Skip to page content
Office of Federal Contract Compliance Programs
Bookmark and Share

Office of Federal Contract Compliance Programs (OFCCP)

 

OFCCP’s Mega Construction Project Program
Frequently Asked Questions (FAQs)

 

  1. Why does OFCCP need a program to promote equal employment opportunity in the construction trades?
  2. How is the expanded Mega Construction Project Program different from what OFCCP has done previously with mega construction projects?
  3. How does OFCCP define a “mega construction project”?
  4. What does OFCCP do during an MCP that is part of the Program?
  5. Are contractors required to participate in MCPs?
  6. How will community groups be involved in the MCPs? What types of groups will be involved?
  7. Are contractors that participate in MCPs subject to OFCCP compliance evaluations?
  8. How are construction projects chosen to be part of OFCCP’s Mega Construction Project Program?
  9. How does OFCCP measure the success of an MCP?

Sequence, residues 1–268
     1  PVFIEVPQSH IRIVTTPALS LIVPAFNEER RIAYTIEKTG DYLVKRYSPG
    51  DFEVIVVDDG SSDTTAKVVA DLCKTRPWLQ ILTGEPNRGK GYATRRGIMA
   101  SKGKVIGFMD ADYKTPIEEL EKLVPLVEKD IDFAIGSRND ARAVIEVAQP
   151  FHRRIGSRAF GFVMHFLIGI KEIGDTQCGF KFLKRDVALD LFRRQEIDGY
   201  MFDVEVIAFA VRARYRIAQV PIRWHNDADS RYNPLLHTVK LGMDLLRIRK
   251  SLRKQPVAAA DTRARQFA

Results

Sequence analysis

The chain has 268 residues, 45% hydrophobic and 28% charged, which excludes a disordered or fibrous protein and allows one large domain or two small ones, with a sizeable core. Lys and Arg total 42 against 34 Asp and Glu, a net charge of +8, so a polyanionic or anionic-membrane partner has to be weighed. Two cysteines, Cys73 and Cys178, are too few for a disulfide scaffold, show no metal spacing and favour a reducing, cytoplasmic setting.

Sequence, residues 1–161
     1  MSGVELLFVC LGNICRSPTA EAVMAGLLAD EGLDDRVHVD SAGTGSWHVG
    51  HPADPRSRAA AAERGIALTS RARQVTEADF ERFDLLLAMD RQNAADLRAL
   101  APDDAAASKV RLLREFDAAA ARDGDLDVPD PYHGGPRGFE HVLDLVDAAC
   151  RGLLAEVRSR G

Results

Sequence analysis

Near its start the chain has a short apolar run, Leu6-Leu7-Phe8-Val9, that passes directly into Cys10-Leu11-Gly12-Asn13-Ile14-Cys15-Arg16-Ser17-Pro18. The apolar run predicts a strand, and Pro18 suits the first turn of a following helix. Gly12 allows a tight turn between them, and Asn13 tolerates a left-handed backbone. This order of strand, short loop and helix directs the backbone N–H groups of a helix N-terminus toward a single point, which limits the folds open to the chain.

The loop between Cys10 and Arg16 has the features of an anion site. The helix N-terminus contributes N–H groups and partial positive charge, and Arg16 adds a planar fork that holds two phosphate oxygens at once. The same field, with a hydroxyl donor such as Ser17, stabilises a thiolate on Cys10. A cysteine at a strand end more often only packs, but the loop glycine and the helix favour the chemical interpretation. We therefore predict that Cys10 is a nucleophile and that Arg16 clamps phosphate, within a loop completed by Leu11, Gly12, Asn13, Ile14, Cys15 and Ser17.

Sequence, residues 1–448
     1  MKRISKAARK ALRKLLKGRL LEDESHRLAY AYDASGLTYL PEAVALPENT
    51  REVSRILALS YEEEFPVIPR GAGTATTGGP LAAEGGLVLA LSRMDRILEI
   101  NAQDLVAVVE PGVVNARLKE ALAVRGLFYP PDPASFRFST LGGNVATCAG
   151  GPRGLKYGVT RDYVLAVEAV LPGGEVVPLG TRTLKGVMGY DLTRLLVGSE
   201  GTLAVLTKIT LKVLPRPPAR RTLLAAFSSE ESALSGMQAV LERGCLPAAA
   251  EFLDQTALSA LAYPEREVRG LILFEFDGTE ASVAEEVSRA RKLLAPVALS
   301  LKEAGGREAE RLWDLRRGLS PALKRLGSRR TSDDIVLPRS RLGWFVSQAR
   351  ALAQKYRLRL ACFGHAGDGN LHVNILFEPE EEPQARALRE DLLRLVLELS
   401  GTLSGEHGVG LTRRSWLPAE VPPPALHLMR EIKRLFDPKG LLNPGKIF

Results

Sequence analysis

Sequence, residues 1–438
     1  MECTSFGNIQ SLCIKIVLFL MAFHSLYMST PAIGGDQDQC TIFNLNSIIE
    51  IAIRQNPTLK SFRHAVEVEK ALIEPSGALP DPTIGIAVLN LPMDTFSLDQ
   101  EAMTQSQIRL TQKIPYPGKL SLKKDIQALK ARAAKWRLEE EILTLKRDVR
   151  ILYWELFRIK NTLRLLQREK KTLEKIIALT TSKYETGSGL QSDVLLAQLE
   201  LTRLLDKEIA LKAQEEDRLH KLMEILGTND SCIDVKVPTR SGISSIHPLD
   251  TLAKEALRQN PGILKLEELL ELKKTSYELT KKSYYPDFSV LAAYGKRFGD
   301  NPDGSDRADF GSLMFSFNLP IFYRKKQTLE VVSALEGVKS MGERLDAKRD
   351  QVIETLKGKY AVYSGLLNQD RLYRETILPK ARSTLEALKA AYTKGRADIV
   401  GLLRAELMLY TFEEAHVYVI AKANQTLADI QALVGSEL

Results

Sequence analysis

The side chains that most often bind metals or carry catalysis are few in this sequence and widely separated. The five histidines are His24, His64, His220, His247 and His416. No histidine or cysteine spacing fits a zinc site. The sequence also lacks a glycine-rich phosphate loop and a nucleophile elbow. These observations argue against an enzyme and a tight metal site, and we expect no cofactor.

10. Is OFCCP planning to revise its construction regulations to update the goals for women and minorities?
  11. If not, why not?
  12. Are construction contractors required to make good-faith efforts to meet the minority goals in the OFCCP’s existing regulations, even though those goals are based on the 1970 Census?

 


 

1. Why does OFCCP need a program to promote equal employment opportunity in the construction trades?

Jobs in construction trades require skills, dedication, and commitment, and in return provide decent wages, benefits, and the satisfaction of being part of a growing middle class that provides families with the dignity of work and a sense of worth and pride. Yet for the past 40 years and continuing, sex and race disparities in employment in the trades have persisted. In 2015, only 2.7 percent of workers in construction and extraction occupations were women; only 6.9 percent and 1.3 percent were African American and Asian American, respectively. While Hispanic representation was relatively high at 33.3 percent, Hispanics faced other challenges, such as segregation into lower-paying construction occupations (for example, Hispanics were 45.5 percent of construction laborers but only 19.3 percent of electricians). Recognizing that the construction trades are a pathway to the middle class, women and minorities have long pushed for opening up these jobs to a more diverse population of workers.

 


 

2. How is the expanded Mega Construction Project Program different from what OFCCP has done previously with mega construction projects?